A Scenic Drive – Cades Cove – The Great Smoky Mountains
One of the Smoky Mountains’ most famous and loved go-to spots is Cades Cove. Cades Cove Loop Road allows millions of visitors to take a leisurely, scenic drive to view some of the mountains most beautiful surroundings.
Cades Cove Loop Road is about 30 miles from downtown Pigeon Forge. You’ll turn at traffic light #3 on the main drag in Pigeon Forge which is known as the Parkway, onto Wears Valley Road. Take 321 to Townsend, Tennessee and then left at Highway 73. From there, you’ll see the signs to Cades Cove. This 11 mile route is busy, especially during the high season of summer. The speed limit is 20 mph which allows drivers to pull off for those areas that offer stunning views.
With the traffic and most any time of year, you’ll most likely spend a couple of hours, at least-from driving slowly to pulling off in designed parking lots and spaces to view vistas and the beauty that is the Great Smoky Mountains. It’s a single lane road, so pack your picnic and your patience.
If you’re more of a biker or hiker and you want to view and travel the Loop that way, you can. From early May through late September only bikers, walkers and hikers are allowed until 10 a.m. on Wednesday and Saturdays. Every other time, vehicles will own this route, so choose how you’d like to view this very special place!
What You’ll See
Fields and fields of wildflowers. Glimpses of wildlife such as white tail deer, coyotes, black bears and fox. This area was inhabited by European settlers in the 1800s and you’ll see evidence of that should you choose to stop and visit these historical structures.
The John Oliver Place, the first white settlers in Cades Cove, who occupied this simple cabin in the 1920s and it’s is the first cabin you’ll come to off the route. Five minutes from the parking area.
If you turn left off the route, right after the John Oliver cabin, you can visit the Primitive Baptist Church, built in 1827. You can see the how this small church was built. There’s handprints in the the sap of the ceiling!
There are two other churches along the route, the Missionary Baptist Church and Methodist Church. The three churches are a result of one congregation splitting because of religious differences.
The Elijah Oliver Place was built in 1824 and it’s about 5 miles into the drive. Take a left after Cooper Road Trail. There’s a parking area and you’ll walk a gravel one-mile trail to tour the homestead which contains a true pioneer home-main cabin, chicken coop, smokehouse and other structures.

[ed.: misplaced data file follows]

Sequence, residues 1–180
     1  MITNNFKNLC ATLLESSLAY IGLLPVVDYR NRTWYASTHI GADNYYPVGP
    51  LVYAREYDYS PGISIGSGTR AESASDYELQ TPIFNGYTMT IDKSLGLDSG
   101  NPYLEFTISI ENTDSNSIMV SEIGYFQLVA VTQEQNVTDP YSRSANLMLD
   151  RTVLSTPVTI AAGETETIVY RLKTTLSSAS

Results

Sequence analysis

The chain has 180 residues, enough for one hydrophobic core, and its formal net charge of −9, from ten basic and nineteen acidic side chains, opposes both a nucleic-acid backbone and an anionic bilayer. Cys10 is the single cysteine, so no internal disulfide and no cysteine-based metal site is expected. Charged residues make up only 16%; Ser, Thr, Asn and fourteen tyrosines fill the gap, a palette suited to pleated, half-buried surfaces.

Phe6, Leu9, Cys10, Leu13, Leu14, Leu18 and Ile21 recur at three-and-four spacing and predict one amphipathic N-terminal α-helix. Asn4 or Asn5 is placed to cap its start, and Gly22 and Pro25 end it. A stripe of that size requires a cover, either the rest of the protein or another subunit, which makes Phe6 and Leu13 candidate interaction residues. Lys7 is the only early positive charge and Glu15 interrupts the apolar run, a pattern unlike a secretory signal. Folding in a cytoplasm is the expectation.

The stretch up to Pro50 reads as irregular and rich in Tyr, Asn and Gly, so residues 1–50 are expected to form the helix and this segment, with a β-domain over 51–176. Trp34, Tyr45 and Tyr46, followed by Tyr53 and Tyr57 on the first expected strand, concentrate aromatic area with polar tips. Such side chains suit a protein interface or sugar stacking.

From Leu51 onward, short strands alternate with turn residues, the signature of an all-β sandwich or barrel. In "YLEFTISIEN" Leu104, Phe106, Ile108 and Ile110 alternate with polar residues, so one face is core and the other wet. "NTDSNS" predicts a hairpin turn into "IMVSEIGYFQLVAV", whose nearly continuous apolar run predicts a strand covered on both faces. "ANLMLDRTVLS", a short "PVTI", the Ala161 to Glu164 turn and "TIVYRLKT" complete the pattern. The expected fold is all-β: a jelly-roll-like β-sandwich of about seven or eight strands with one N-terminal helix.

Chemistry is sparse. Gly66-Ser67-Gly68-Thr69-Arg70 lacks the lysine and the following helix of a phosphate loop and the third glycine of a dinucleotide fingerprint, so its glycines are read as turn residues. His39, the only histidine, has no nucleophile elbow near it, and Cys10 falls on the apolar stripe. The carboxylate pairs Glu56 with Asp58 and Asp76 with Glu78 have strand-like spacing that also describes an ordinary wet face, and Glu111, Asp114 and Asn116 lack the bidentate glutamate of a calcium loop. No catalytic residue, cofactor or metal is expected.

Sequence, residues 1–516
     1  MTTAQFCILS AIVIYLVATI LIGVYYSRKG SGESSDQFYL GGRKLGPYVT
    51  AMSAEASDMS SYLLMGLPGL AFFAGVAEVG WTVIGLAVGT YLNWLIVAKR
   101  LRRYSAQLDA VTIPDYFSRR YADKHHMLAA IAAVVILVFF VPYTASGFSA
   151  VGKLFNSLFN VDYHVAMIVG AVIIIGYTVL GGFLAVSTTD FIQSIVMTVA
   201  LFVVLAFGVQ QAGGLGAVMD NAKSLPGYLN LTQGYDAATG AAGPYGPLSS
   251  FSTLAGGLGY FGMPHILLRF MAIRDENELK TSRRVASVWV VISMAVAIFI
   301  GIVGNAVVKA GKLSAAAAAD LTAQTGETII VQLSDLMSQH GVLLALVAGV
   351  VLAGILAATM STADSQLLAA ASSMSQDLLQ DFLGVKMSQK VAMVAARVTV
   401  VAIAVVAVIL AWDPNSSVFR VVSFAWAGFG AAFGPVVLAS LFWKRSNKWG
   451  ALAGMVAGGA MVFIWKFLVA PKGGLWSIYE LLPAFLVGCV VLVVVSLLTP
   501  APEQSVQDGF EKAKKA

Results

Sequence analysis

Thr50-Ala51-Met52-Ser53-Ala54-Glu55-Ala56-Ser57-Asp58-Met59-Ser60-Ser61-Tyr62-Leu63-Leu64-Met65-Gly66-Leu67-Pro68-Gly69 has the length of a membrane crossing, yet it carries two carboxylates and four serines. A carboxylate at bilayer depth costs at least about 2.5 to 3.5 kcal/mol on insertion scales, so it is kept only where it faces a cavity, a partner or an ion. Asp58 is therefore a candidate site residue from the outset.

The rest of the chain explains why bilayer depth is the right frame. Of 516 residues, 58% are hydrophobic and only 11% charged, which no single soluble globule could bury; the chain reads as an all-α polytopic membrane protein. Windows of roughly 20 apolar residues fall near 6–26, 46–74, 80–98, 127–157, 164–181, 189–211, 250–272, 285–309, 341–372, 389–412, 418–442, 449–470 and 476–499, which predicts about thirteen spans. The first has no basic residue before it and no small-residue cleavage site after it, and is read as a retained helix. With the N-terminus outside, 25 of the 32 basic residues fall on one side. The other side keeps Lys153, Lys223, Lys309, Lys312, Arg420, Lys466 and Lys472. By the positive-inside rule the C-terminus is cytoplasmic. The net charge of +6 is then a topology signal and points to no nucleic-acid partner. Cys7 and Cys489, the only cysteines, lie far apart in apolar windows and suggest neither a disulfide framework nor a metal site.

Halfway through the Cades Cove Loop, you can stop in at the visitor’s center, known as the Cable Mill historic area. You’ll find a cable mill here that was built by John Cable in the 1800s. The stones on this mill are the original ones (150 years old) and this place was an essential structure for the families who lived here way back when. The Becky Cable House is also here, built about 20 years after the mill and moved to this location after Mrs. Cable’s passing in 1940. This home was constructed of lumber from the Cable grist mill.
A Corn Crib is a brief walk from the cable mill as well. This is where settlers stored their corn for their and their livestock’s sustenance.
Take a 15-minute walk from the visitor’s center to view the Henry Whitehead Place, a simple cabin built during the same time period.
There’s also information, restrooms and a bookstore store here. If you’re interested in ranger-led programs, that’s available as well during various times and seasons. The center is open every day except Christmas.
You can find the Tipton Place during the second half of the the 11-mile trip. You’ll see the homestead of Billy Tipton, built in the 1820s. There’s a large two-story cabin, blacksmith shop and cantilever barn. It’s a beautiful spot to imagine how settlers lived during this time period.
Nearing the end of the route, is the Dan Lawson Cabin, believed to be built in 1856 that has the distinction of having a “modern” chimney. There’s also a a corn crib and smokehouse on the property. According to history buffs, it also served as a post office at one time.
The last structure on Cades Cove Loop is the Carter Shields Cabin that sits in a clearing. The simple cabin was occupied by its namesake, a veteran of the Civil War.
Worth the Ride!
Cade’s Cove has five million plus visitors every year and it’s the most popular place to visit in the Great Smoky Mountains. This picturesque valley is full of beauty, mystery and history. Take the time to plan your day to take this scenic tour, whether by car, hike or bike. You’ll be glad you did. Visit the National Park’s website to learn more about the tour here. Download a trail map here.
Book a luxury Pigeon Forge cabin to serve as home base when you explore Cades Cove and other Great Smoky Mountain adventures. Visit Condo-World to book your Pigeon Forge cabin today!